In some embodiments, a SWIR FPA such as FPA 222 is based on Ge on Si technology. The FPA is integrated with a PFA that gives rise to in situ polarization imaging without the need for additional optical elements, using a single camera and without the need to take consecutive images at different polarizations. As an example, we can place the polarization filter directly on the sensor chip, where each pixel in the filter matches in its dimensions the pixel of the sensor. Alternatively, we can implement micro polarizers during the manufacturing of the sensor. This is shown schematically in FIG. 3B.

FIG. 3B shows an example of the structure of a single photo-detecting (PD) element 350 with an integrated micro-polarizer in a Ge-on-Si FPA disclosed herein. PD 350 comprises an “absorbing” Ge layer 352 (typically few pm thick) grown or bonded to a Si layer 354 also a fe pm thick. A micro-polarizer (or micro-polarizer layer) 356 is manufactured by known deposition and lithographic techniques on top of the Si layer. It typically includes a periodic ID array of metal (e.g. aluminum, copper or any other metal compatible with CMOS technology), with a periodicity at the subwavelength scale and thickness ranging from tens of nanometers to hundreds of nanometers. Optionally , an anti -reflection layer 358 is applied on top of the micro-polarizer. Alternatively, the order can be reversed, i.e. first applying the antireflection coating directly on the silicon and then applying the micro-polarizer. Optionally, a spacer layer 360, typically a few pm thick, followed by a microlens 362 are applied on top of the anti-refiection/micro-polarizer layers. The spacer layer is designed to confine the light focused by the microlens in absorbing Ge layer 352. in some examples, micro-polarizers may have arrangements as shown in 37Q and 380. Micro-polarizer arrangement 370 includes four pixels 370a-d with two different orientations (370a and 370c being one orientation and 370b and 370d being another orientation), giving rise to the transmission of vertical and horizontal polarization component. Micro-polarizer arrangement 380 includes tour pixels 380a-d with four different orientations 380a, 380b, 380c and 380d, giving rise to the transmission of vertical, +45 degrees, horizontal and -45 degrees polarized light.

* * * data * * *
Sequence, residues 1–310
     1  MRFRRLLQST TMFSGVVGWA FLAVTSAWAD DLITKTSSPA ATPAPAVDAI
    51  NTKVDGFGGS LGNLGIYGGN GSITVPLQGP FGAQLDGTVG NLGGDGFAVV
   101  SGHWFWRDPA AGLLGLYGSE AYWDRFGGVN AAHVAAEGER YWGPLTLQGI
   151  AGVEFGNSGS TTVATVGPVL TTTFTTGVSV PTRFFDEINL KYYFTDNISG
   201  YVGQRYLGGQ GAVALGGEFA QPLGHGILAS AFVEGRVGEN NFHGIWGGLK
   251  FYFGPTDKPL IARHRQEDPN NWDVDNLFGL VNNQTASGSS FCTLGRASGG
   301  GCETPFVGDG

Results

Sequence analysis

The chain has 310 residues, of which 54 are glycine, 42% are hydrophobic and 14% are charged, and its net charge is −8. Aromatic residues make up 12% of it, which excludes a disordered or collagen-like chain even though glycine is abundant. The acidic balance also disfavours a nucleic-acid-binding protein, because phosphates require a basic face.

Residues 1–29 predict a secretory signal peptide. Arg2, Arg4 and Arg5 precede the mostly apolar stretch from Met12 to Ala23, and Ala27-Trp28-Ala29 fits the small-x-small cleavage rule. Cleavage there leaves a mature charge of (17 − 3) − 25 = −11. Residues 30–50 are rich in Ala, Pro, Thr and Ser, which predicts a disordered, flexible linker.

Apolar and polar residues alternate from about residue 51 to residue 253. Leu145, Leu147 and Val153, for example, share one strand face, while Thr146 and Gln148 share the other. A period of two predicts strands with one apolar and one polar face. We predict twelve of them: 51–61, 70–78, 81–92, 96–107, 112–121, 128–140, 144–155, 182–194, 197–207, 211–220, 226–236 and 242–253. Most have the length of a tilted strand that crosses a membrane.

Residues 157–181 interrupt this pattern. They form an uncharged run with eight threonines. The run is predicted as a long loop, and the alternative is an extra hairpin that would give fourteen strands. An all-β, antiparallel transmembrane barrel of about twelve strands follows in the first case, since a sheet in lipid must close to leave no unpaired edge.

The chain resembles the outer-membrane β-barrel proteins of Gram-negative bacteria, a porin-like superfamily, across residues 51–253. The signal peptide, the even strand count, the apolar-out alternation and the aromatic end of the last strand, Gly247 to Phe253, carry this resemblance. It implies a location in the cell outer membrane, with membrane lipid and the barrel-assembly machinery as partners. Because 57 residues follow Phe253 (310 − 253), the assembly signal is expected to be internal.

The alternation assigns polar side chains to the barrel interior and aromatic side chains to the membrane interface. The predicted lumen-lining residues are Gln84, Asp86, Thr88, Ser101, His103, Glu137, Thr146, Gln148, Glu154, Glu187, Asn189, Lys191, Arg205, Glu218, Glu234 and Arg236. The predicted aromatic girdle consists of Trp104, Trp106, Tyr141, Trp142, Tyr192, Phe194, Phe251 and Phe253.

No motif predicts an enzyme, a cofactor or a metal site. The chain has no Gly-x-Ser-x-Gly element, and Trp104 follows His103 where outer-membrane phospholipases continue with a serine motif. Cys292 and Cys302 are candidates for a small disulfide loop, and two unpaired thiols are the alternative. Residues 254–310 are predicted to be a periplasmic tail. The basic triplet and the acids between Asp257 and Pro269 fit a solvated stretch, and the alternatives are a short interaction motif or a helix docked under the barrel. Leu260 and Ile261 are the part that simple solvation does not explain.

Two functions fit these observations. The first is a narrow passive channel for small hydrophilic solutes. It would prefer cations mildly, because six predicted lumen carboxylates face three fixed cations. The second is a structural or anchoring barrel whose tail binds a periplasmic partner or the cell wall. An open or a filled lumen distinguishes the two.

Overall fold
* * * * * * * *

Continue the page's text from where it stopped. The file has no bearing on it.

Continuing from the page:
The combination of both spectral and polarization information creates a multi dimensional image of the scene, and the diversity of these two independent detection methods increases the detection probability.